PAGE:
[List] Cooley-Brewer Cemetery...and more

michael@newsummer.com michael at newsummer.com
Sun Oct 7 23:29:09 PDT 2007

Drew Wright of Indiana has just sent photos of the Cooley Meeting House
Cemetery near Salem where Edward Cooley (1763-1822, son of John) and his wife
Martha Raper were buried. I've uploaded them to this page:


Sorry I've been so silent lately. There's been a lot going on to distract me.
Now is a good opportunity, though, to provide an update as to the website, etc.

I moved ancestraldata.com, and the John Cooley website, to another provider a
couple of months ago. That seemed to go smoothly enough. I will also move
johncooley.net, which this list is run through, to the same provider by the
end of the month. It will be the last move of my services from the old
provider for the reason of a couple of unique challenges. There is always the
chance that something can go wrong so please notify me if you feel that
something isn't just right. I will send a heads-up just prior to the move.

And I'm moving newsummer.com tonight. That means my personal website and email
address could have a short period of being down. If email to me during the
next couple of days bounces back, jut resend it the following day or two.

And remember, if you have anything new to add, let us hear from you! And don't
forget we're trying to find other Cooleys in our line to test. So far, we have
one Edward descendant tested (myself), one James descendant tested (Don
Cooley) and test results from one Joseph descendant (Mike Cooley of Grants
Pass). Although the traditional "family group sheet" seems to be reasonably
accurate, no sources were ever included (not to mention the name of the person
who originally put it together--if any one person was responsible). Every
self-respecting genealogists knows that that just can't sit. However, it's
entirely possible that any primary evidence that existed, say 100 years ago,
has simply been lost forever. Genetic genealogy may be our only true resource
and, so far, it's worked marvelously.

Well, I didn't mean to go on like this but since I'm on the subject, it's also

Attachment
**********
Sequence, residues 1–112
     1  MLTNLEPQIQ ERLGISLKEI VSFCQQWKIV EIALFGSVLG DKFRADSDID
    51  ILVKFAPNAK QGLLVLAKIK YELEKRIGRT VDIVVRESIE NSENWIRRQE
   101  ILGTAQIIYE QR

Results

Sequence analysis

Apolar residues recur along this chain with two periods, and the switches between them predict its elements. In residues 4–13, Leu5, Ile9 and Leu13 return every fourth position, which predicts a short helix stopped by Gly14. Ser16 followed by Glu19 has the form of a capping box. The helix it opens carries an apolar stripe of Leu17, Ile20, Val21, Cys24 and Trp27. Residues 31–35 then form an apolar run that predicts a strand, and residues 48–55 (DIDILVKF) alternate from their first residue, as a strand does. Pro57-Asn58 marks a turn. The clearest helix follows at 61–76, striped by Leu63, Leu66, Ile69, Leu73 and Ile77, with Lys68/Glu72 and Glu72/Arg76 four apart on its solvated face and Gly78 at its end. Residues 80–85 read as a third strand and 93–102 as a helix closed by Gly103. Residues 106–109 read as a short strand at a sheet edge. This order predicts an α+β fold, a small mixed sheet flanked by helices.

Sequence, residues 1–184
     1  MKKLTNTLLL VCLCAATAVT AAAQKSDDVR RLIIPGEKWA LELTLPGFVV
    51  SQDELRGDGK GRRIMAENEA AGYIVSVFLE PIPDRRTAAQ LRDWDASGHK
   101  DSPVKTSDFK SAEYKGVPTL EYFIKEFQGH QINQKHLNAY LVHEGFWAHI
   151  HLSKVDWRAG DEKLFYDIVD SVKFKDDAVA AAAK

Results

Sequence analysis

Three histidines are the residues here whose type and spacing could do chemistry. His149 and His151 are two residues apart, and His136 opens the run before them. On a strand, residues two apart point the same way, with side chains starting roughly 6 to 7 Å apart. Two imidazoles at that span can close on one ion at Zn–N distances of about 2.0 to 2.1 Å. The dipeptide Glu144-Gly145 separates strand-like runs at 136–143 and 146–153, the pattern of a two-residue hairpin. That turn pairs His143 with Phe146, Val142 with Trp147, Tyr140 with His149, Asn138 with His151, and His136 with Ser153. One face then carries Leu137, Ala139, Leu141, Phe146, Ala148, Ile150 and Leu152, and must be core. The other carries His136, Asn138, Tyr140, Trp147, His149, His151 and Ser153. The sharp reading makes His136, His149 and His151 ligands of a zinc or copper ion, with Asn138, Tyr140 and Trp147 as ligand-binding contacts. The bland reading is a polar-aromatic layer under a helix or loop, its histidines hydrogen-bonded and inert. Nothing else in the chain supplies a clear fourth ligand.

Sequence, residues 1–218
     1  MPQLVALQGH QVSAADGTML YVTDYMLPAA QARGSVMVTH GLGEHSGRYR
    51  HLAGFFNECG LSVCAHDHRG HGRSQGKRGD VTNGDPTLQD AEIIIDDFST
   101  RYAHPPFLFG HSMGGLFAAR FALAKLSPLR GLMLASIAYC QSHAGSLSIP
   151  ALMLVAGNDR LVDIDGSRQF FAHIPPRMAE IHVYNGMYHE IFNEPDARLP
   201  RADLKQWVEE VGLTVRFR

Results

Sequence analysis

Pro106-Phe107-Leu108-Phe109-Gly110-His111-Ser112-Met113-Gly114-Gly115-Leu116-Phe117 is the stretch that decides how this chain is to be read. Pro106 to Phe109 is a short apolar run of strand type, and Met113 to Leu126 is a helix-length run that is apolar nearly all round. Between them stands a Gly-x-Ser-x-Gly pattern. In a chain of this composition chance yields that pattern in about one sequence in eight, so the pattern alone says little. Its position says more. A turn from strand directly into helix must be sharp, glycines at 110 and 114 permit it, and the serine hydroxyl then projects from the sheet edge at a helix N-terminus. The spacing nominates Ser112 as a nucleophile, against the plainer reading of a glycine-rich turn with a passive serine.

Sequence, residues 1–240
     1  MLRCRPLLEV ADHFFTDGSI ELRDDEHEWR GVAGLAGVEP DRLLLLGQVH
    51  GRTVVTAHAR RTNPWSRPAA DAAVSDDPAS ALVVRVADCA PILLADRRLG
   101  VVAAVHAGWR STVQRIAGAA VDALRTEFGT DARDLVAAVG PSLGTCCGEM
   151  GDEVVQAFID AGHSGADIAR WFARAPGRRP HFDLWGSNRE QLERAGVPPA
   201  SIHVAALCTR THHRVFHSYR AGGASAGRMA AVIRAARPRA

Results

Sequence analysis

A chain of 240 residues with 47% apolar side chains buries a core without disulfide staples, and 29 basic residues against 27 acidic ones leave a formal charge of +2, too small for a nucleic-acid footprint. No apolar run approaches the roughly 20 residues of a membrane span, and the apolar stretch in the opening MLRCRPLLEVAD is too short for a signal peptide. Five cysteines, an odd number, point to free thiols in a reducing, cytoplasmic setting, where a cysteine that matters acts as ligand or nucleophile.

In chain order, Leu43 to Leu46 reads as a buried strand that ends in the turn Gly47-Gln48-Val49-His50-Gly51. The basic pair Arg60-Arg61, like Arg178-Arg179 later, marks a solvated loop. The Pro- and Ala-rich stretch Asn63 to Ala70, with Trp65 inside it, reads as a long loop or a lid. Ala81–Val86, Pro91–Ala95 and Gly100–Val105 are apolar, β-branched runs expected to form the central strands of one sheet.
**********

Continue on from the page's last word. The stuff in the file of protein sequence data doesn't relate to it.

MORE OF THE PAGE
possible to genetically prove the 2 daughters of John's, traditionally
believed to have been Hanna (Joanna?), born 1774 and married to Luke
Barnett/Burnett, and Elizabeth, born 1783 and married to William Blackburn.
Actually, through mtDNA, as opposed to the yDNA we've talked about, the proof
would be to John's wife, whoever she was. In this case, we'd have to find an
unbroken lineage of daughters rather than sons. The difficulty here, though,
is that virtually nothing is known about the daughters--and there is no proof
that they even married who the traditionally genealogy says they married. But
finding them is, to my mind, as important as finding proof for any of the sons.

Interestingly, a William Blackburn appears on the 1810 census for Casey
county, KY with three young females under the age of ten. This suggests to me
that the Blackburns may have gone to KY along with John Cooley. It's also
interesting that William and Elizabeth may have had daughters but, by 1810
anyway, no sons. It's probably for that reason that family has never been
found: it's much more difficult tracing matrilineally because of the name
change in every generation.

Also of interest (I think) is that William Blackburn may have been the son of
Newman Blackburn of Stokes county NC. The Blackburns came from Caroline county
VA, as did other Stokes county families associated with our John Cooley,
including Richard Goode, with whom John probably served in 1755, and Martha
Raper, Edward Cooley's wife. This dovetails nicely with my pet theory that
John Cooley may have lived for some years in Caroline County and might have,
in fact, emigrated to NC with several of the families.

I'd love to hear from anyone who has further information about John's
daughters--especially why it is that the traditional genealogy includes their
dates of marriage. Who along the line knew those dates and how? Of course,
it's possible that those marriages are not much more than fiction you often
see in unsourced genealogies.



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